While a time step of one day is natural, in the case of large horizons it may be useful to conduct experiments with time steps of several days. So, consider a time step (equal to the step for the infection age) Δ > 0. We need ${{n}^{\prime}}_{b}:={n}_{b}/\Delta $ to be integer. Clearly the following system is a consistent approximation of (2.1): $$\begin{array}{ccc}\frac{{y}_{a}^{k+1}{y}_{a}^{k}}{\Delta}& =& {\delta}_{a}(1{u}_{a}^{k}){Z}^{k}{y}_{a}^{k}\\ \frac{{z}_{a,1}^{k+1}{z}_{a,1}^{k}}{\Delta}& =& \frac{{z}_{a,1}^{k}}{\Delta}+{\delta}_{a}(1{u}_{a}^{k}){Z}^{k}{y}_{a}^{k}\\ \frac{{z}_{a,j+1}^{k+1}{z}_{a,j+1}^{k}}{\Delta}& =& \frac{{z}_{a,j}^{k}{z}_{a,j+1}^{k}}{\Delta}{\nu}_{a,j1}{z}_{a,j}^{k}\\ \frac{{h}_{a,j+1}^{k+1}{h}_{a,j+1}^{k}}{\Delta}& =& \frac{{h}_{a,j}^{k}{h}_{a,j+1}^{k}}{\Delta}+{\nu}_{a,j}{z}_{a,j}^{k}({\eta}_{a,j}+{\gamma}_{a,j}{E}^{k}){h}_{a,j}^{k}\\ \frac{{\overline{y}}_{a}^{k+1}{\overline{y}}_{a}^{k}}{\Delta}& =& {z}_{a,{{n}^{\prime}}_{b}}^{k}+{h}_{a,{{n}^{\prime}}_{b}}^{k}.\end{array}$$(A.2)
In addition the above scheme is conservative, and can be interpreted as the explicit Euler discretization scheme, for dynamics corresponding to the r.h.s.
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All Figures
Figure 1 Test 1: p_{M} = 1, p_{u} = 1, p_{D} = 1. The optimal control is 0. Without confinement, the death toll is greater than 10% and the peak value is very large, as expected. 

In the text 
Figure 2 Test 2: p_{M} = 1, p_{u} = 0.000001, p_{D} = 0. In this case, the main objective is to reduce the peak value. We can observe the delay, between the confinement decision and the response in the hospitalized population. Indeed, when the confinement stops, the size of hospitalized population remains constant for several days. The death toll is greater than 10%. 

In the text 
Figure 3 Test 3: p_{M} = 1e − 5, p_{u} = 0, p_{D} = 1. The main objective is to reduce the death toll, without considering the confinement cost. Therefore, the optimal policy assumes themaximum confinement value until the last days. Since the saturation of hospital capacity impacts in the death rate, as a consequence the peak value is reduced.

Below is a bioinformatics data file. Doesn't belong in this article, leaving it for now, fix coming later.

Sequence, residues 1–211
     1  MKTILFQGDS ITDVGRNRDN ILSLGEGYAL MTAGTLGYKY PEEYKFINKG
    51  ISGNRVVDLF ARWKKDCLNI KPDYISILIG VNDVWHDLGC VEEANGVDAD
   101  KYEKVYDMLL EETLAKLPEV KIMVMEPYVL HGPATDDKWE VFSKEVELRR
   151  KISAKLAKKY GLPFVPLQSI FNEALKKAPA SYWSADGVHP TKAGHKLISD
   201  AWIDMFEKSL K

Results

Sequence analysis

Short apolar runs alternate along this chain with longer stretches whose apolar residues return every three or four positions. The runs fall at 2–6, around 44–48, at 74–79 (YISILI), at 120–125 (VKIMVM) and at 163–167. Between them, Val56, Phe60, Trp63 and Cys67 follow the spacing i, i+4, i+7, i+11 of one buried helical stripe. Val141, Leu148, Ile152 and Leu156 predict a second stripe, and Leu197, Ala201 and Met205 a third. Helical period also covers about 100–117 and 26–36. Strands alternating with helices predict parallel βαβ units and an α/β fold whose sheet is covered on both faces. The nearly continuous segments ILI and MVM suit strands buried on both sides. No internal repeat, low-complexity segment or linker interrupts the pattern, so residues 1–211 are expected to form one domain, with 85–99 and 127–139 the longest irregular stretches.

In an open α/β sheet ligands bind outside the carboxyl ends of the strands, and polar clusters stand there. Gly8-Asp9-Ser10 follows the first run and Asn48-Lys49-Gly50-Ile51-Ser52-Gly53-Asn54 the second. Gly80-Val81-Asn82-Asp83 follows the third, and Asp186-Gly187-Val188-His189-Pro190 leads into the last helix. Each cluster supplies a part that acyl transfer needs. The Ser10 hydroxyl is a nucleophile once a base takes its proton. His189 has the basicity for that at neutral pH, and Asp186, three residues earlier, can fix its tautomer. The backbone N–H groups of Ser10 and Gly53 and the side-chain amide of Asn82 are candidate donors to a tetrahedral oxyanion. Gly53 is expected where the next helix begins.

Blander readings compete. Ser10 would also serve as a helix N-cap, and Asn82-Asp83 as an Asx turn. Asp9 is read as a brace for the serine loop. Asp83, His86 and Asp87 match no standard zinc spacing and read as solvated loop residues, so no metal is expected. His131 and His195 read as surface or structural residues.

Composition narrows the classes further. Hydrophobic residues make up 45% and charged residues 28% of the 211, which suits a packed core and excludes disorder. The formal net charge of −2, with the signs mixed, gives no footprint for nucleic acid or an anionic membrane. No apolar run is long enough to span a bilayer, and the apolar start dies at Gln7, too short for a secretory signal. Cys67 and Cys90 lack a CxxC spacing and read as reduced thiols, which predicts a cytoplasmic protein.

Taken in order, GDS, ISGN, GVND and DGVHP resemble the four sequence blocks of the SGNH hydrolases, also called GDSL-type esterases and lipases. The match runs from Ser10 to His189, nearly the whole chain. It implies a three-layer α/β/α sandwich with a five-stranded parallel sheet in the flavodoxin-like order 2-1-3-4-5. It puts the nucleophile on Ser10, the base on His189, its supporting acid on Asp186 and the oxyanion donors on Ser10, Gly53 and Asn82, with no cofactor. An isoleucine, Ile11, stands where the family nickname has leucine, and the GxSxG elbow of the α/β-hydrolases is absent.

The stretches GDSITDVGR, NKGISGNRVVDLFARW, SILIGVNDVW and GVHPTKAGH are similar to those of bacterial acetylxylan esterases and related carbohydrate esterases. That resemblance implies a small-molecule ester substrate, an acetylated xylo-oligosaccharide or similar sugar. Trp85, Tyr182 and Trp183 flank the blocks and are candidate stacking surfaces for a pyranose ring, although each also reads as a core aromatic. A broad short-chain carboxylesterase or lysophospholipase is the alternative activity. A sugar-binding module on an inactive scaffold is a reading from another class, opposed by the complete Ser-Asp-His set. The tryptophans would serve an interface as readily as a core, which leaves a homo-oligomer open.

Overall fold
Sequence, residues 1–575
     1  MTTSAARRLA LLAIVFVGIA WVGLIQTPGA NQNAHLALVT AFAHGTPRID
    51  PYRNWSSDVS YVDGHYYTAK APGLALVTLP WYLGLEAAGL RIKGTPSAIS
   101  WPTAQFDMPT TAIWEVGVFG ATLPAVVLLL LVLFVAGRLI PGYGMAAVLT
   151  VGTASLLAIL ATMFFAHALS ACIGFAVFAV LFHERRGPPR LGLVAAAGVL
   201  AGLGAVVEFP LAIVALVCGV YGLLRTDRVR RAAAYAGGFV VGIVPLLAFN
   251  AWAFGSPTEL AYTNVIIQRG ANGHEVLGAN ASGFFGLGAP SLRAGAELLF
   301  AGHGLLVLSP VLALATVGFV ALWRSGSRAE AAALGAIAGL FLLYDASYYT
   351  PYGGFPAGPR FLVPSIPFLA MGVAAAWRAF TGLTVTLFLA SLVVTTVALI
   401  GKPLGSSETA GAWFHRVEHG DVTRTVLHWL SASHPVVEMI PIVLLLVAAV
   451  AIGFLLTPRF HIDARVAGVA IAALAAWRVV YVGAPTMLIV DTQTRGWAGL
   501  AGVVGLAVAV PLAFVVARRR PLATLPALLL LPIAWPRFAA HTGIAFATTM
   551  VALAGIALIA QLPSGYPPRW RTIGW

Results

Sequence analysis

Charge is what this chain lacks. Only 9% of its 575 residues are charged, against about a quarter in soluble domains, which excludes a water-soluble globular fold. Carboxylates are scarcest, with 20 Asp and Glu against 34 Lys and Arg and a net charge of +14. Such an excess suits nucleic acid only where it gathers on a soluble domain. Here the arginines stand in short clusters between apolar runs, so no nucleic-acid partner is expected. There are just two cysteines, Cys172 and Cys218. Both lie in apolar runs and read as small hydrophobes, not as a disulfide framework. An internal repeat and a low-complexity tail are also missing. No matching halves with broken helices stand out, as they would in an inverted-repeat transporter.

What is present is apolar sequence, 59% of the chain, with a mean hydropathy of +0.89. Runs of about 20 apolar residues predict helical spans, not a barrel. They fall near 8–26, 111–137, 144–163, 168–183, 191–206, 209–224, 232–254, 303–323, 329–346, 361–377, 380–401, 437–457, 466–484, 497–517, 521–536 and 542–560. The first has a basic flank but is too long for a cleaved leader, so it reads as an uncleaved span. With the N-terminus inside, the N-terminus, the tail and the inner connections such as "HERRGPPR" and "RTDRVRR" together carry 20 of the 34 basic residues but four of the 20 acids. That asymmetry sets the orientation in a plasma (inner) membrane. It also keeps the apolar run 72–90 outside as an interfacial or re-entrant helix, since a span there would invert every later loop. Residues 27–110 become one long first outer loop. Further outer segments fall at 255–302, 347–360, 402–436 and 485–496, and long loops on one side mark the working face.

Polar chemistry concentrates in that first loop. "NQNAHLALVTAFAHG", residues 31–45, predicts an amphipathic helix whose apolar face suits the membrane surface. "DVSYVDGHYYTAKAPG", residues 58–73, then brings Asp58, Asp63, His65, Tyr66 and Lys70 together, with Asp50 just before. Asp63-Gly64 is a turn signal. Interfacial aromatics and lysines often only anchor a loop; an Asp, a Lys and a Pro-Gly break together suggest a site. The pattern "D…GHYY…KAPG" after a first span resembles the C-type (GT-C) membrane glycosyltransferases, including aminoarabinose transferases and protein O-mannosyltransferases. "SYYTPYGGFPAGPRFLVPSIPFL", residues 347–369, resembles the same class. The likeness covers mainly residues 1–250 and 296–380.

In the text 
Figure 4 Test 4: p_{M} = 1, p_{u} = 0.0005, p_{D} = 1. In this case,we want to reduce the peak value and the death toll, taking into account the economic impact. 

In the text 
Figure 5 Test 5: p_{M} = 1, p_{u} = 0.000001, p_{D} = 0. Since hospitalizations rates ${\overline{\nu}}_{1}$ and ${\overline{\nu}}_{2}$ are assumed equals, to reduce the amount of hospitalizations that occur at the same time, it makes sense that both populations are confined for almost the same period. In this case, once the peak is reached, the confinement stops. We still observe a large number of deaths, greater than 10%. 

In the text 
Figure 6 Test 6: p_{M} = 1, p_{u} = 0.0005, p_{D} = 1. As in Test 4, the aim is to balance between reducing peak value, death toll and confinement cost. We observe an important difference between optimal confinement for strong and weak populations. Of course, this occurs due to the difference between the mortality rates for both populations. 

In the text 
Figure 7 Test 7: p_{M} = 1, p_{u} = 0.0005, p_{D} = 1, with the confinement lengths M_{1} = 25 and M_{2} = 45. The objective of this test is to show how the optimal policy changes when we add constraints in the confinement lengths. Taking the delay into account, we see that the end of confinement of the strong population corresponds to the end of the hospitalization peak. 

In the text 
Figure 8 Quasiperiodic case: p_{M} = 12, p_{u} = 0.005, p_{D} = 1, C = 0.01. 

In the text 
Figure 9 Longterm behavior: p_{M} = 12, p_{u} = 0.005, p_{D} = 1, C = 0.01, T = 260. 

In the text